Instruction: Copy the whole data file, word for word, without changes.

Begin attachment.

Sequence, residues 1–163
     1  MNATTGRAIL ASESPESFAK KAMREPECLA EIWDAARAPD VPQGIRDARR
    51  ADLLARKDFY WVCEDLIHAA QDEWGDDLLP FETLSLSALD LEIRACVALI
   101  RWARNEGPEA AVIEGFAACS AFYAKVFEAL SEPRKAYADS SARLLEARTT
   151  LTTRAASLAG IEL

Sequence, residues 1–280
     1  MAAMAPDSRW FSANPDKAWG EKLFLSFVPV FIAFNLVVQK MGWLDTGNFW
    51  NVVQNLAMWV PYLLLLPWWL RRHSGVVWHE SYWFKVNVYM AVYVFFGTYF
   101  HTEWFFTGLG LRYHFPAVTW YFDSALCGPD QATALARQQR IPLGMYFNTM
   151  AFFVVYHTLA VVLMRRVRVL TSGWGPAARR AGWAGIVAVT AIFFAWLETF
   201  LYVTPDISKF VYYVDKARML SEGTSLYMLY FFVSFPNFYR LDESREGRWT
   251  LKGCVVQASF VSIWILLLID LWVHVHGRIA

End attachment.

Sequence, residues 1–163
     1  MNATTGRAIL ASESPESFAK KAMREPECLA EIWDAARAPD VPQGIRDARR
    51  ADLLARKDFY WVCEDLIHAA QDEWGDDLLP FETLSLSALD LEIRACVALI
   101  RWARNEGPEA AVIEGFAACS AFYAKVFEAL SEPRKAYADS SARLLEARTT
   151  LTTRAASLAG IEL

Sequence, residues 1–280
     1  MAAMAPDSRW FSANPDKAWG EKLFLSFVPV FIAFNLVVQK MGWLDTGNFW
    51  NVVQNLAMWV PYLLLLPWWL RRHSGVVWHE SYWFKVNVYM AVYVFFGTYF
   101  HTEWFFTGLG LRYHFPAVTW YFDSALCGPD QATALARQQR IPLGMYFNTM
   151  AFFVVYHTLA VVLMRRVRVL TSGWGPAARR AGWAGIVAVT AIFFAWLETF
   201  LYVTPDISKF VYYVDKARML SEGTSLYMLY FFVSFPNFYR LDESREGRWT
   251  LKGCVVQASF VSIWILLLID LWVHVHGRIA